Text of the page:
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SO, CONGRESS FINALLY PASSED the controversial US$ 700 billion financial package to rescue not just the United States' financial system from collapse but also - apparently - the international financial system from tanking. Let's be clear about one thing: the US financial system is witnessing the mother-of-all collapses. The mess that is burying Wall Street, and taking Main Street down the gurgler too, is real. Too real.
But the impact of the US financial system's breakdown on the international financial system is - probably - just as real. Why? Regardless of whatever pundits may say about the bigness of the Chinese economy, or India's, or the combined growth of the Asian economies, for the world economy as its saviors, all - every one of them, individually - remain incredibly dependent on the US market for their export revenue and credit, or financing, and, therefore, their debt.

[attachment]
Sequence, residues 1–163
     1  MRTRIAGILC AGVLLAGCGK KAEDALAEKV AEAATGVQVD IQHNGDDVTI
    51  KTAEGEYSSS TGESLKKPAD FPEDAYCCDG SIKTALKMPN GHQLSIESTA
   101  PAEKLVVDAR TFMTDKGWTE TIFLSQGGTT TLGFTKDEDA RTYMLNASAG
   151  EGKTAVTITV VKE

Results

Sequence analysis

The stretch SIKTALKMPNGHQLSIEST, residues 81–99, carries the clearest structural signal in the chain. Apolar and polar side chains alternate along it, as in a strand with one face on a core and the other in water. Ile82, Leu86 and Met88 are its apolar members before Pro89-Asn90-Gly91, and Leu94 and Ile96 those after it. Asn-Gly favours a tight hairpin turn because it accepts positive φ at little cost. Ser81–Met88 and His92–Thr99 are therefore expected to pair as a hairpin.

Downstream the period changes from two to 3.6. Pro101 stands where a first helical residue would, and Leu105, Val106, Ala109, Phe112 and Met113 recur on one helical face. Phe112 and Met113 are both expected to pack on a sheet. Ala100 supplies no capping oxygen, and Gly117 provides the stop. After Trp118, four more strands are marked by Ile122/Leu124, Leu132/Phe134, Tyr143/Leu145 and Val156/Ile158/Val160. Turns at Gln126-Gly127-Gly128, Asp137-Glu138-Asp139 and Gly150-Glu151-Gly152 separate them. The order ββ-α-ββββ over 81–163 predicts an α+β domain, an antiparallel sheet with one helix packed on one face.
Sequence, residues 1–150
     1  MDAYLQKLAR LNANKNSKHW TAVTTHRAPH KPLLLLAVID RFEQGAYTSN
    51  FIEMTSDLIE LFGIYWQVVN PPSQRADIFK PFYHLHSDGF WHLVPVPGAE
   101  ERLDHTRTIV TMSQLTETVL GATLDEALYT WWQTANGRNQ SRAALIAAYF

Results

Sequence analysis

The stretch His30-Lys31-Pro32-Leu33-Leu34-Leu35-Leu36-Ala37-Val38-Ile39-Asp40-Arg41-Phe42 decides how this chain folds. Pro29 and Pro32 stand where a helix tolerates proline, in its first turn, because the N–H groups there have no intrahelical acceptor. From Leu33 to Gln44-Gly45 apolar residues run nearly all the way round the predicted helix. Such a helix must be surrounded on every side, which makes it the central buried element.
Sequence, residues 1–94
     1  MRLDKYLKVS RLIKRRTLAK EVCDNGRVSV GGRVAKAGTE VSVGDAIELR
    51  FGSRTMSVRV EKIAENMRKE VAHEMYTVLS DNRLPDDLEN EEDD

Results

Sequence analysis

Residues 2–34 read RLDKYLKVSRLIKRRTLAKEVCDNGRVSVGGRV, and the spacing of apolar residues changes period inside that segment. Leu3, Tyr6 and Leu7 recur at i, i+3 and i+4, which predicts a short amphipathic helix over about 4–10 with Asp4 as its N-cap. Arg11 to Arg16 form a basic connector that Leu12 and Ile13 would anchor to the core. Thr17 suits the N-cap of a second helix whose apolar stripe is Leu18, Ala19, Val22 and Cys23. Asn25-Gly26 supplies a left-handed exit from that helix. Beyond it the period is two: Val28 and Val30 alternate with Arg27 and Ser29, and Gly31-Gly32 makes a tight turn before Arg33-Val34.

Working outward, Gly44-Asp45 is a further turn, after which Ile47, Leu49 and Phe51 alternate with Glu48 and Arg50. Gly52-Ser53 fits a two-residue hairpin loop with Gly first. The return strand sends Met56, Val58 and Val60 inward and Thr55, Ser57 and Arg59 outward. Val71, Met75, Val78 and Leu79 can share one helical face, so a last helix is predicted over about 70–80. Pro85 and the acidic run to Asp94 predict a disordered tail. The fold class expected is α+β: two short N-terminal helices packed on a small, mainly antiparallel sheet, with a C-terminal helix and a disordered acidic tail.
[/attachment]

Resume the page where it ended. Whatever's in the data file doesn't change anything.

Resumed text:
Because, in case you haven't quite fathomed all this growth mantra from the 1980s, from one corner of the world to the other, the US economy, really, is no different from any of the Asian economies. All of these economies were built on sand. And after the late nineties Asian financial crisis, Asian governments continued to build their economies on sand …